As illustrated by the example of FIG. 1, the web server 100 need only contain information relative to the location of web page X, rather than containing the web page itself. Web page X may also contain references to other web pages stored at the client site 110, or stored at the web server 100. A request to access another web page stored at the client site 110 will be processed in the same manner as shown in FIG. 1, except that the user request is from web page X, rather than the index page 101. Assuming, for example, that there is a cost associated with storage of information at the web server, and a cost associated with the “call on demand” service shown in FIG. 1, the web service provider and client can negotiate the amount of information that is stored at the web server and the amount of information that is stored at the client location. Depending upon the number of requests for access to information stored at each location, the client can subsequently choose to place more or less information at the web server 100. Thus, the client need not incur the cost of storing all the information regarding the client's products or services at the web server 100 until it is determined that this information is being requested by a sufficient number of users to justify the cost of such web server storage.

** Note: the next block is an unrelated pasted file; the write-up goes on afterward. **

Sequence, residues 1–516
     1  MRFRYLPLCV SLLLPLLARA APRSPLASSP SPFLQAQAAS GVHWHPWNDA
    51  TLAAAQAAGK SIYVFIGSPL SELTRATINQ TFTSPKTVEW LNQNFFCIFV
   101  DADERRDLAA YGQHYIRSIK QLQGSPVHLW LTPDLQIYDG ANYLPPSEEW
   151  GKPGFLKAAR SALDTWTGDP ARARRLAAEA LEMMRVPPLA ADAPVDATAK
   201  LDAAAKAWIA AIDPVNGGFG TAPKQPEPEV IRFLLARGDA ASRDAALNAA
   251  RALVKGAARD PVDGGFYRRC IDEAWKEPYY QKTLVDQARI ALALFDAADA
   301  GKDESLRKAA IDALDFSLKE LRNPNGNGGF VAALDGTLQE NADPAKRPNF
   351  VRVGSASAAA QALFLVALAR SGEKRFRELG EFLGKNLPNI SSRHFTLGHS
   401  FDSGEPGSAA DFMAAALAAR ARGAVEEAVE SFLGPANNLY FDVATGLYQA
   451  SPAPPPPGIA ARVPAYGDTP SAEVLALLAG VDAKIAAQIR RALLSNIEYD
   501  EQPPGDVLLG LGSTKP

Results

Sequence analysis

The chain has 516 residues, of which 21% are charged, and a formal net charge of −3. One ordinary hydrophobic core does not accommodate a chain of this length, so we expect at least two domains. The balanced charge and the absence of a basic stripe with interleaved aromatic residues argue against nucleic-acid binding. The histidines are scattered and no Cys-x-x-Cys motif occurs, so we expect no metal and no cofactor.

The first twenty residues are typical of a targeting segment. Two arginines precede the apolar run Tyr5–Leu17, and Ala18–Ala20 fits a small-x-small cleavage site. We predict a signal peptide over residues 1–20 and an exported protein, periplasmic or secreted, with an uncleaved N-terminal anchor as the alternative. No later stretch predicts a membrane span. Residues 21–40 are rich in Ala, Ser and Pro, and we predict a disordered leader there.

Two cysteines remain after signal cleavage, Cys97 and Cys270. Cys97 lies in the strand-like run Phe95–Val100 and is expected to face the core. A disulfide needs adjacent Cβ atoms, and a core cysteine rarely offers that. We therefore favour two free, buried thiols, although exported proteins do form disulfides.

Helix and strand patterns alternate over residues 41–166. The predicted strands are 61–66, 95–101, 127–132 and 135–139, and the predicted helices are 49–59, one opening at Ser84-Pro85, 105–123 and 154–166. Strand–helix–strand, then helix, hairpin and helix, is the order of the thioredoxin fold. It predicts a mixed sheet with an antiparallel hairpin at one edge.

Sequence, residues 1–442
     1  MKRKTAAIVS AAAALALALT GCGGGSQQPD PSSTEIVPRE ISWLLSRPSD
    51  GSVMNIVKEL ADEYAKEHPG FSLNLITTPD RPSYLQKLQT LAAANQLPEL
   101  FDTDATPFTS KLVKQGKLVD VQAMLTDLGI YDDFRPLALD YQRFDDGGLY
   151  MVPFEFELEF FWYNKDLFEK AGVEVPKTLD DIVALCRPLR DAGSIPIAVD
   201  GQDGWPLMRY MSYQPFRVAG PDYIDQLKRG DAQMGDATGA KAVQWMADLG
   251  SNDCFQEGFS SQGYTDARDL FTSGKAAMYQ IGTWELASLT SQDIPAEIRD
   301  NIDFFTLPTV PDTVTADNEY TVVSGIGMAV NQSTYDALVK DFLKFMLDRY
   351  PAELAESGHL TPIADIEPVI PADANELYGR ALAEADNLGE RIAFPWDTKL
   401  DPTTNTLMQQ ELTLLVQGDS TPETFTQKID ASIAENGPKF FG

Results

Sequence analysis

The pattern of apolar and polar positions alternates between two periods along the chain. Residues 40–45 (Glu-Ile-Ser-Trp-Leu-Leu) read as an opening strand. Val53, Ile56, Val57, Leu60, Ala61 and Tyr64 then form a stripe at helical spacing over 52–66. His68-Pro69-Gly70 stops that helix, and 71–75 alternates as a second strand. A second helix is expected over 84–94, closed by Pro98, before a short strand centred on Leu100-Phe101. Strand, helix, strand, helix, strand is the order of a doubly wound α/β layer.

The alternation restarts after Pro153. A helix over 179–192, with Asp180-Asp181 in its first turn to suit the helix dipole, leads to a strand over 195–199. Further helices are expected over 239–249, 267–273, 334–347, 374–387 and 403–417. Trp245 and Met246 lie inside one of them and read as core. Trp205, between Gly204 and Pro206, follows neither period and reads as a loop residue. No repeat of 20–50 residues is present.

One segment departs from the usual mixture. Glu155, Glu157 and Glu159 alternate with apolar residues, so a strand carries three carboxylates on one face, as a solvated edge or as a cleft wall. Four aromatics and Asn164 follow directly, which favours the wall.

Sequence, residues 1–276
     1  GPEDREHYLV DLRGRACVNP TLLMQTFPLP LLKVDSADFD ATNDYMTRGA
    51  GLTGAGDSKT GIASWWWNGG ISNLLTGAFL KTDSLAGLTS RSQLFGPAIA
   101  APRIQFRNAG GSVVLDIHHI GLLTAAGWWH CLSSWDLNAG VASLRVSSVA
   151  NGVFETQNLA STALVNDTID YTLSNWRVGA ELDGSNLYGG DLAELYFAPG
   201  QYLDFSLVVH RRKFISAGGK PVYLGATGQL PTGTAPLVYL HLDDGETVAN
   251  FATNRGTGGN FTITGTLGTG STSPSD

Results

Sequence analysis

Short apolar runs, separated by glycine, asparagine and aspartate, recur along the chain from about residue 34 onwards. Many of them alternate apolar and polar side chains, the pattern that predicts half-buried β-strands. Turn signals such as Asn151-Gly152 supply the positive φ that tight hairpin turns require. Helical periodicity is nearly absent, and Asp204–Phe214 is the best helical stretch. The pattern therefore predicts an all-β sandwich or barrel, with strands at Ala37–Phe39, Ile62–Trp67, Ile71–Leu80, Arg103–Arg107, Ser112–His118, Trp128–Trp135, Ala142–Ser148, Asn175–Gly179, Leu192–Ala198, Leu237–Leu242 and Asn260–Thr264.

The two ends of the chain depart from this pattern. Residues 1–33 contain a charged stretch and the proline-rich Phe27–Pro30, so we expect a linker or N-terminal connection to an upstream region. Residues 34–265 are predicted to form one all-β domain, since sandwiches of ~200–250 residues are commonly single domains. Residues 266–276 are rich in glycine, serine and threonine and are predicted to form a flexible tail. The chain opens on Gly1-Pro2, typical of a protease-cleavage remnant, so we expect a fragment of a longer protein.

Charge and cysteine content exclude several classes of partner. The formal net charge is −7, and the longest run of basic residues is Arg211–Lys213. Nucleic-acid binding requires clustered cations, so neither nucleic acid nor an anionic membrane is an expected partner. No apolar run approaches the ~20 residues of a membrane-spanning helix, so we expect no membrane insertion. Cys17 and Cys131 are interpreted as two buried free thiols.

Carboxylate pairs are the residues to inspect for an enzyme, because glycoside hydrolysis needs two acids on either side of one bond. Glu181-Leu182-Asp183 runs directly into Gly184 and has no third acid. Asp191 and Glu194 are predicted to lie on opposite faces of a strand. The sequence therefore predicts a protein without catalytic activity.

FIG. 2 illustrates an example block diagram of a web server 100, client system 110, and user system 120 for providing a user with access to web pages stored at the client system 110 via the web server 100. The web server 100 includes a user interface 225 for communicating with and receiving commands from the user of user system 120. The user system 120 includes a web page browser 125 for effecting this communication with the web server 100. The web server 100 includes a web page index 250 that allows the user to select among a variety of web pages. If the user selects a web page 211 that is local to the web server 100, the user interface 225 provides the selected web page 211 to the user for continued browsing. If the user selects a web page that is not local to the web server 100, as indicated by a remote reference in the web page index 250, the telephone interface 215 initiates a telephone call to communicate with the client system 110 that contains the selected web page. In response to the telephone call from the web server 100, the client system 110 communicates the selected web page 111 via a transmitter 118. The transmitted web page 111 is received by the web server 100 via a receiver 218. The user interface 225 provides the received web page 111 to the user system 120 for continued browsing. In this manner, the remote web page 111 is provided to the user system 120 in the same manner as the local web page 211.